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Page last updated at 07:37 GMT, Wednesday, 31 December 2008
Today: Wednesday 31 December 2008

PLEASE NOTE: We are unable to offer transcripts for our programme interviews. Today is broadcast live and the running order is subject to change.

As the violence in Gaza and southern Israel continues, the Israelis are being urged to consider a 48-hour lull in hostilities. Britain's Olympic gold medallists feature prominently in the New Year's honours list. And guest editor Jarvis Cocker speaks to rugby star Jonny Wilkinson about quantum physics.

Is drinking an art form? At the Frieze Art Fair in London, guest editor Jarvis Cocker came across a reconstructed bar from Reykjavik. Members of the Icelandic art collective Kling og Bang explain why they decided to reconstruct the bar with 100% accuracy at art fairs around the world.

Guest editor Jarvis Cocker wanted to commission an alternative thought for the day. The man he wanted to deliver it however - the philosopher and interpreter of Zen Buddhism Alan Watts - is dead. Not to be deterred, he found a recording of one of Alan Watts' speeches.

Money (That's What I Want) by the Flying Lizards could be used as an anthem for 2008's economic turmoil. Guest editor Jarvis Cocker asks the band's singer Deborah Evans-Strickland to read the weather forecast for Greenland. She obliges with the help of her husky.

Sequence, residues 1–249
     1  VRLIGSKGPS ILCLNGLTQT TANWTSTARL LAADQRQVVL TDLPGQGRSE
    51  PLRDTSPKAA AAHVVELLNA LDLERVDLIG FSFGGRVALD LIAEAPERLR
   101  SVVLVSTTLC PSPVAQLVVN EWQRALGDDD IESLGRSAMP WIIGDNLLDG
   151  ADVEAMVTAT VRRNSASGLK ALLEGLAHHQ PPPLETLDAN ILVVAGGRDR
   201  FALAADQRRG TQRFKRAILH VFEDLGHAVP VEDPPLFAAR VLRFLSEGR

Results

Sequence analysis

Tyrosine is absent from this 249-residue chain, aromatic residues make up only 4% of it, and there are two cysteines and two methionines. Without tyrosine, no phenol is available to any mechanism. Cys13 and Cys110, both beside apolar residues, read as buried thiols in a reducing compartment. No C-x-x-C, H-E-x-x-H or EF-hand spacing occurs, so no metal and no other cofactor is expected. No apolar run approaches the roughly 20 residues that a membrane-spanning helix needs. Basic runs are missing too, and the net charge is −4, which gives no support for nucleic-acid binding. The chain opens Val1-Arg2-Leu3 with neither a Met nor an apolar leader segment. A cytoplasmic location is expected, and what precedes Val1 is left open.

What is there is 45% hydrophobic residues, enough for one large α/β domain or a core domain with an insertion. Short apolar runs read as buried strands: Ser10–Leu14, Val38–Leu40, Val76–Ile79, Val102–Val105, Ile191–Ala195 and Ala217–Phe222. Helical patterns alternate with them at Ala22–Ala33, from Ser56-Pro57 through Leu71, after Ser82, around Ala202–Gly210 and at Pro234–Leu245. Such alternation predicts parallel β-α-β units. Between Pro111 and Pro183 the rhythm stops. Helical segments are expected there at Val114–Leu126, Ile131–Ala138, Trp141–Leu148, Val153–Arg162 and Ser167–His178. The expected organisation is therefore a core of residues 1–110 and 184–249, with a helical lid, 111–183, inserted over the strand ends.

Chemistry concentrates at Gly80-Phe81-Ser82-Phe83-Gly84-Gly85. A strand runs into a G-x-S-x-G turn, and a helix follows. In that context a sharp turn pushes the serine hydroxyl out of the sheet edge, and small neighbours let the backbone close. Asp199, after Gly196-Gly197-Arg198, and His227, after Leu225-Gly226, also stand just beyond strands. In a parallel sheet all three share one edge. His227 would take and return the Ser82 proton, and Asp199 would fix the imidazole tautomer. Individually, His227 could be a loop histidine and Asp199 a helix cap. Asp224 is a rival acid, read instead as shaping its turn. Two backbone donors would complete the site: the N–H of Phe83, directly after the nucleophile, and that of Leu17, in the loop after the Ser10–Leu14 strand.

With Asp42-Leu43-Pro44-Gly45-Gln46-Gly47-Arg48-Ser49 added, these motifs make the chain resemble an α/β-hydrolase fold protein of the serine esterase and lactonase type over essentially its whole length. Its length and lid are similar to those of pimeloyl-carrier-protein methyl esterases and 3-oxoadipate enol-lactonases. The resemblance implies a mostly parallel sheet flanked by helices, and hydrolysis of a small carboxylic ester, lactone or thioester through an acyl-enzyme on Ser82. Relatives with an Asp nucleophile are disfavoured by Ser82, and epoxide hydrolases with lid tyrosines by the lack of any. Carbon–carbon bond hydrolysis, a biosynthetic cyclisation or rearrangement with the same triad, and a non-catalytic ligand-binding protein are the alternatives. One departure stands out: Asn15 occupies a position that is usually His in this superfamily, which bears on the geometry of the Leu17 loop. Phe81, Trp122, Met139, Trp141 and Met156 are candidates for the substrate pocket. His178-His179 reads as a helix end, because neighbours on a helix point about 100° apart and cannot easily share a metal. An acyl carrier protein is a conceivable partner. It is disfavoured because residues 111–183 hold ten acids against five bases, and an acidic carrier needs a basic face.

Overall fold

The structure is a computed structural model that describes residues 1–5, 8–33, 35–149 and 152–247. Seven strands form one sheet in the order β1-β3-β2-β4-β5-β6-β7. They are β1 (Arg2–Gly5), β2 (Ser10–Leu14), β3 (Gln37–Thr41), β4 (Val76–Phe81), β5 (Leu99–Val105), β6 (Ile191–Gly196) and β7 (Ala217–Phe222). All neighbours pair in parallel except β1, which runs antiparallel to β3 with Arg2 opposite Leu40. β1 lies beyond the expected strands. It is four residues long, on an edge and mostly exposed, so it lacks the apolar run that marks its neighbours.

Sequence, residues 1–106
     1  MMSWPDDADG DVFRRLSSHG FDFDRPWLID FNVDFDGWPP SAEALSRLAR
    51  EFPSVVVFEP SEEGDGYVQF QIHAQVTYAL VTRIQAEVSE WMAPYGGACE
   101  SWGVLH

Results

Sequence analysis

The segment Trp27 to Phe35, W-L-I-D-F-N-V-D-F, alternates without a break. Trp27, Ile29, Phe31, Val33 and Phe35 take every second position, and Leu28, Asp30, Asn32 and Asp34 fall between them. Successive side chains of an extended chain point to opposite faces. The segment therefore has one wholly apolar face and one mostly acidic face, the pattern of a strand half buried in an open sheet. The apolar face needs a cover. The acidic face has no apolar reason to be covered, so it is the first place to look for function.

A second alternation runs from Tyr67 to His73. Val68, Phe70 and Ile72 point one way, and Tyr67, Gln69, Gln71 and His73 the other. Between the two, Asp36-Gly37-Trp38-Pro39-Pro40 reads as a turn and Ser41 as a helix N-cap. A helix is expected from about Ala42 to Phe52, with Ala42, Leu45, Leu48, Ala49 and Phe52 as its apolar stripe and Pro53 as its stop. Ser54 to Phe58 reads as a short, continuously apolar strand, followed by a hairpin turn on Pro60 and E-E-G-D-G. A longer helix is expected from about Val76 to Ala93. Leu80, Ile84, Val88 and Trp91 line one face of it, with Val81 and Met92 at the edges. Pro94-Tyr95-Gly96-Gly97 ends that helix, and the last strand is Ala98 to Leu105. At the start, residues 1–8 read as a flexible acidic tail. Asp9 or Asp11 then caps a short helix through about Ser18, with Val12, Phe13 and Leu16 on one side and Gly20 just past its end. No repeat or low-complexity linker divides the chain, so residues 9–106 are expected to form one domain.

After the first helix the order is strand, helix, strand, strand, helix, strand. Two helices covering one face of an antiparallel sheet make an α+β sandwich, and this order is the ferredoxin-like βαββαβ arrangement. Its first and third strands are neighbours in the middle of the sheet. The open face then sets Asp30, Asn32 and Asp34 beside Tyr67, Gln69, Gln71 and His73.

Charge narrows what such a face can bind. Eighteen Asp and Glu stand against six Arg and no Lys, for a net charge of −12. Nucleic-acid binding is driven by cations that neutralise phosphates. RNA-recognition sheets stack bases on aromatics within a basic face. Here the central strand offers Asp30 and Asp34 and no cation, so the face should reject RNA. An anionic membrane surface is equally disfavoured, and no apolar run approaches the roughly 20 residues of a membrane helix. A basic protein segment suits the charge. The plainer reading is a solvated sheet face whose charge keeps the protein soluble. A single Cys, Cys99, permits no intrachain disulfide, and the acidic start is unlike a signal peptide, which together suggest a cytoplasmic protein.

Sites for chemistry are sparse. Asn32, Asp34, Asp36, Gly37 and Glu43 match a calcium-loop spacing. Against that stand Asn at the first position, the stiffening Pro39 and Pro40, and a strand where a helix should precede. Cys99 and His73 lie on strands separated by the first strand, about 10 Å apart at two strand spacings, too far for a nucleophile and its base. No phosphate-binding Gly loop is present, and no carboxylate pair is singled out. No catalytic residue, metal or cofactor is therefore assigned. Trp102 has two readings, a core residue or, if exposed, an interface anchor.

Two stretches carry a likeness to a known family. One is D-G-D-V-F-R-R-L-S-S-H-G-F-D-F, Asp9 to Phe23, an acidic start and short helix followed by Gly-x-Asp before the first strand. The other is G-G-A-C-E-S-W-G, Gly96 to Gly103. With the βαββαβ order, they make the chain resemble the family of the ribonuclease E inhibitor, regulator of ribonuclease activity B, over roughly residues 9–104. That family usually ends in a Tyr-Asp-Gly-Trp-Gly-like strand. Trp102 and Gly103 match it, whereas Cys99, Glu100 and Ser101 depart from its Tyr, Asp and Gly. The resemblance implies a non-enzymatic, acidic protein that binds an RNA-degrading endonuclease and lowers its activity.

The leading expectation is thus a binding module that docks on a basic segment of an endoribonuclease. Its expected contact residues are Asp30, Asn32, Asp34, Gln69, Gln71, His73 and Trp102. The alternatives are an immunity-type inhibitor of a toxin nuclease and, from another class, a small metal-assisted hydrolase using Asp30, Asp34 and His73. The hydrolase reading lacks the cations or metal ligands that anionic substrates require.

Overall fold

What is it like living with the daily threat of rocket attack? Mechia Fendel, who lives in the Israeli town of Sderot, and Professor Shai Feldman, director of the Crown Centre for Middle East Studies at Brandeis University in the US, discuss the possibility of a ceasefire.

The list of New Year Honours has been published, with medal-winning Olympians featuring prominently. Correspondent Collette Hume peruses the list of 966 names.

Business news with Adam Shaw.

For rock musicians, unconventional ways of life are often accepted as normal. But how far can prominent figures in other fields lead an alternative lifestyle? Political correspondent Norman Smith reports on the economist John Maynard Keynes, the economic genius with a decidedly colourful private life.

Sports news with Rob Bonnet.

Two paramedics have been arrested in Brighton for allegedly failing to resuscitate a man they were attending. Roland Furber, chief executive of the British Paramedic Association, explains the guidance for crews on whether to resuscitate or not.

Two British missionaries, David and Fiona Fulton, have been sentenced to a year in prison with hard labour in Gambia after pleading guilty to charges of sedition. One of their friends Karen Hill discusses why they sent a letter criticising Gambia's government.

Today's papers.

Guest editor Jarvis Cocker wanted to ask a host of interesting people to tell us their resolutions for 2009. Brian Eno, "the father of ambient music", explains what he is hoping for the year ahead.

Thought for the day with Brian Draper, associate lecturer at the London Institute for Contemporary Christianity.